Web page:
A new study, conducted at Washington University School of Medicine in St. Louis, suggests that premature birth may result in weakened connections in brain networks that are linked to attention, communication and the processing of emotions. This may increase the risk of neurological and psychiatric disorders.
"We found significant differences in the white matter tracts and abnormalities in brain circuits in the infants born early, compared with those of infants born at full term," said principal investigator Cynthia Rogers, assistant professor of child psychiatry.
She explains that in the early stages of life our brain is very responsive to interventions that can affect its normal functioning. This may lead to a higher risk of mental disorders that are picked up as it onsets.
The researchers used functional magnetic resonance imaging and diffusion tensor brain imaging to compare 58 babies born at full term with 76 infants born at least 10 weeks early. Each full-term baby was scanned on his or her second or third day of life. Each premature baby, meanwhile, received a brain scan within a few days of his or her due date.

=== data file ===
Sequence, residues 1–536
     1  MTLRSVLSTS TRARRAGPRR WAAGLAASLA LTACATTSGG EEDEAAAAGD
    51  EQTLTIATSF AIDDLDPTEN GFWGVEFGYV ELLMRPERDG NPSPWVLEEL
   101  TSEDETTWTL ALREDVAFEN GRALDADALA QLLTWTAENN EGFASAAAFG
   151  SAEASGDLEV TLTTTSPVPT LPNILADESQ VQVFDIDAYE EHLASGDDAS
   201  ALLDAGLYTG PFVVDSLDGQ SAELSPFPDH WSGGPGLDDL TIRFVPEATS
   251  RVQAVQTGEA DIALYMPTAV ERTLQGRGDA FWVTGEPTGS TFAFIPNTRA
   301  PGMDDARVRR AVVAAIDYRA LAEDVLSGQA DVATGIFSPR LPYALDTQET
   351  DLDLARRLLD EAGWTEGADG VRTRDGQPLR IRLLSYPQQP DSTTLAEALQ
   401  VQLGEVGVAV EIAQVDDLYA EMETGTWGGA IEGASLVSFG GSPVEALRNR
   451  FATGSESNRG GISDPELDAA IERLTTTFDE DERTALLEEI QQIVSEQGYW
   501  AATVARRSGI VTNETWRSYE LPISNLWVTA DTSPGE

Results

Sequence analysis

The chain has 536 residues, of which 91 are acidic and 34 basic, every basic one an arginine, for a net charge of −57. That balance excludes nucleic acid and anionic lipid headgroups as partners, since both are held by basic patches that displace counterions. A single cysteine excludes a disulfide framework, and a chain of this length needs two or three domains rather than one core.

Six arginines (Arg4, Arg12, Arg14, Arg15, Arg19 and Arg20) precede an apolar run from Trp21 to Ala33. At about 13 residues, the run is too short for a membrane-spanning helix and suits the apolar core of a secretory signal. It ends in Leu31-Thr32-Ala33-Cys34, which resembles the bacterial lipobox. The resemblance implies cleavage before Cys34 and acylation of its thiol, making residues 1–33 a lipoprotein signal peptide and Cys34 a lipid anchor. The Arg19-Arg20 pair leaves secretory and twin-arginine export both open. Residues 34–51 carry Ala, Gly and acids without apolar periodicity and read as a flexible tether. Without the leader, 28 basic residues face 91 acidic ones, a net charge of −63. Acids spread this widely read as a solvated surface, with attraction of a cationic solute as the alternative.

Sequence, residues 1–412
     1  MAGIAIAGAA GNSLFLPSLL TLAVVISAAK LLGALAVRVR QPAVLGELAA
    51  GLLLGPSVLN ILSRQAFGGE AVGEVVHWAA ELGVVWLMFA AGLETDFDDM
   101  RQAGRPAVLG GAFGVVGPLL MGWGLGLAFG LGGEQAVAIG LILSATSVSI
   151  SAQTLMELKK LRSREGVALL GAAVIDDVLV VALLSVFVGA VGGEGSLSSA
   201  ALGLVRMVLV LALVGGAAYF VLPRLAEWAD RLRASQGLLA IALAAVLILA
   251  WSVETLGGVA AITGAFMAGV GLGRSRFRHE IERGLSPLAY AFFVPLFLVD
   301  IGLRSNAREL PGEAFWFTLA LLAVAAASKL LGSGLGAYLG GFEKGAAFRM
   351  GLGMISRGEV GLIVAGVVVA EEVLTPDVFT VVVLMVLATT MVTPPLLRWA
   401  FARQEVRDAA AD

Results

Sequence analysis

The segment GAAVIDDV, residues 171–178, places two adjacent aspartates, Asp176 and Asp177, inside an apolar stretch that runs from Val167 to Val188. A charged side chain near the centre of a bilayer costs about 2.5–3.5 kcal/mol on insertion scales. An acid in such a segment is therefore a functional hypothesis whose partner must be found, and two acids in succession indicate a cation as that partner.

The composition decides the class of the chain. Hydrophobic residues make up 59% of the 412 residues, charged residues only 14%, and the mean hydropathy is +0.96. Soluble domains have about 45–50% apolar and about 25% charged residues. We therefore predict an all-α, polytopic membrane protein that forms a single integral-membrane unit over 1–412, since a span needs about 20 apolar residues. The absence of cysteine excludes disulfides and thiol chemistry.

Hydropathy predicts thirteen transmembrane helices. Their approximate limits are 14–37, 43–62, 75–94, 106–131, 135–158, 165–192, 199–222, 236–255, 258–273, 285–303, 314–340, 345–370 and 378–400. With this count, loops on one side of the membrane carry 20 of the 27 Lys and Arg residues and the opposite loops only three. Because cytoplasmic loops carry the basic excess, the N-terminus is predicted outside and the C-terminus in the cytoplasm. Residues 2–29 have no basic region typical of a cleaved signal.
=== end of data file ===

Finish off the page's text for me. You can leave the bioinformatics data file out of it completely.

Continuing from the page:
White matter tracts in the brain are made of axons that connect brain regions to form networks. The researchers found that some key brain networks -- those involved in attention, communication and emotion -- were weaker in premature infants, offering an explanation for why children born prematurely may have an elevated risk of psychiatric disorders.
The researchers also found differences in preemies' resting-state brain networks, particularly in a pair of networks previously implicated in learning and developmental problems. These brain circuit abnormalities likely contribute to problems that materialize as the children get older, Rogers said. "The brain is particularly 'plastic' very early in life and potentially could be modified by early intervention," Rogers pointed out.
The findings are being presented at Neuroscience 2015, the annual scientific meeting of the Society for Neuroscience in Chicago. Further investigation is still warranted to determine how to repair the faulty brain circuits associated with prematurity.
Previous studies have already highlighted that kids born prematurely have a higher risk of autism and other behavioural conditions. Another recent research conducted at King’s College London showed striking differences between the brain scans of both pre-and full term infants. Brains scans of babies born prematurely showed weak connections in key regions of the brain that may play a role in developmental disorders. During the final weeks in the womb, their brains build connections at a faster rate. If the baby is born prematurely, most of the brain growth may happen outside of the neonatal environment. These studies could help doctors identify why premature babies are so affected and find solutions.